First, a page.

SAN MARCOS, Texas – Students on the Texas State campus weigh in on the ongoing National Anthem protest, spearheaded by the NFL.
The debate regarding whether or not to stand during the national anthem varies widely from person to person. So much so that it can’t be pigeon-holed by one or even a few factors.
One thing that seems to remain true to the man among students who were interviewed is that the protests have nothing to do with the troops or what they’re fighting for, but more so about what’s happening in the United States in general. As one student, Chris Montez puts it,
“"I know they're not doing it to dishonor our troops and what we do, it's more of what's going on around the United States and what's going on."
While some see the protests as a positive thing, others see them as an unnecessary problem that we’ve created, causing more harm than good. Freshman Grace Williams says,
"I feel like the protest itself is okay, they have a right to protest and what they're protesting is valid. Although I feel the way they did that caused a big ruckus, it's not really helping their cause. Nothing good has come from it."
President Trump has made comments about making it mandatory to stand for the National Anthem, to which has created a seemingly universal disapproval. Texas State football player David Oh feels that to take it that far is something that isn’t justifiable.
“Mandatory?... It’s good to do it to show respect… but I don’t think you need to be required to do it… maybe someone did leg day and they just want to sit down…as long as you are listening and singing along it’s fine.”
While agreeing that people should stand, student Matt Peveto feels similar to David, in the matter that its about showing respect more than anything.
"That's kind of a trick situation there. I don't think it should be a mandatory petition but I think it's respectful in the same way. Like you wouldn't disrespect a veteran or anything but I don't think he can just throw that out there like 'you have to stand up' so I mean that's a fine line right there. I think that should be worded differently. It's kind of like your teacher coming and saying, you HAVE to be here, when you really don't. You should be here so I think he could go about that differently."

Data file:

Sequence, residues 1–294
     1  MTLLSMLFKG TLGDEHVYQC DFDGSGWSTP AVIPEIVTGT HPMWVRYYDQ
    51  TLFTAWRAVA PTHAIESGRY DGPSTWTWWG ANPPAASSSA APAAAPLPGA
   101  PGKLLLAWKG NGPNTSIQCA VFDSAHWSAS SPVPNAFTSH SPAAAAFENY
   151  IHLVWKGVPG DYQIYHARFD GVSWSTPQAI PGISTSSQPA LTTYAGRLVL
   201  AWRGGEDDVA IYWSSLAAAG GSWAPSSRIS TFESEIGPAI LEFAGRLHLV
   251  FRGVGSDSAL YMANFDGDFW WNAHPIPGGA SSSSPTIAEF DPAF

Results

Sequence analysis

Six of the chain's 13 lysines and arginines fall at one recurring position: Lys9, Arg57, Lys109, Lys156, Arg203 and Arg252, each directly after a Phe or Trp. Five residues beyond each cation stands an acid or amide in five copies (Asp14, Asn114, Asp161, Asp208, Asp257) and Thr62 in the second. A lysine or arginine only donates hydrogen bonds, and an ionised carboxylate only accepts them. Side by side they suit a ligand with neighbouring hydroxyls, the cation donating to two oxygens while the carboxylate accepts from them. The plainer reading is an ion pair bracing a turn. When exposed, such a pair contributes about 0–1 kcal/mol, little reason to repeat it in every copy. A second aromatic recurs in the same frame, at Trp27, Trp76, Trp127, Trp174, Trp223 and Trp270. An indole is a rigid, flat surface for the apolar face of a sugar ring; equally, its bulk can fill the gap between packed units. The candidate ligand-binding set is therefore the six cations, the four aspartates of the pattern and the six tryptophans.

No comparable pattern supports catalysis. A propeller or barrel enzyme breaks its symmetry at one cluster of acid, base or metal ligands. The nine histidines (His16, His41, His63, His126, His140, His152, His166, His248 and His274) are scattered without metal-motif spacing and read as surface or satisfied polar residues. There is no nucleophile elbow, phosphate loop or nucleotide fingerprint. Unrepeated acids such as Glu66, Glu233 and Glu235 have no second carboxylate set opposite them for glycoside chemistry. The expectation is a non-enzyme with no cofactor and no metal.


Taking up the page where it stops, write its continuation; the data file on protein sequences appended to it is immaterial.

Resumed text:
Some, including student Shania Egland, see Trumps comments towards the matter disrespectful in and of themselves, not only towards the NFL but to the country as a whole.
"I feel like Trump doesn't have respect for the Constitution at all. For the simple fact that is in the very first amendment so it's at the beginning. It says that you have freedom of speech, you have freedom of press. Like we're give all of these freedoms so why can we not exercise them? I don't feel like he has the right to tell people how they should feel. Especially in regards to him, I feel that he is afraid of criticism so he tries to shut down how other people, tries to numb their voices so that he doesn’t feel as bad as he really is. I don't feel like he has the right to do that at all."
This talk regarding the first amendment and what it all entails seems to be a recurring theme with students and appears to be the underlying issue that irks most people, including Gaby Vergera, about the President’s comments.
“We are allowed to say what we want, when we want no matter what. I know people are just like oh it’s a profession and you shouldn’t tie your political views into it but it’s more than that, they’re using their platform to speak out and actually say something.”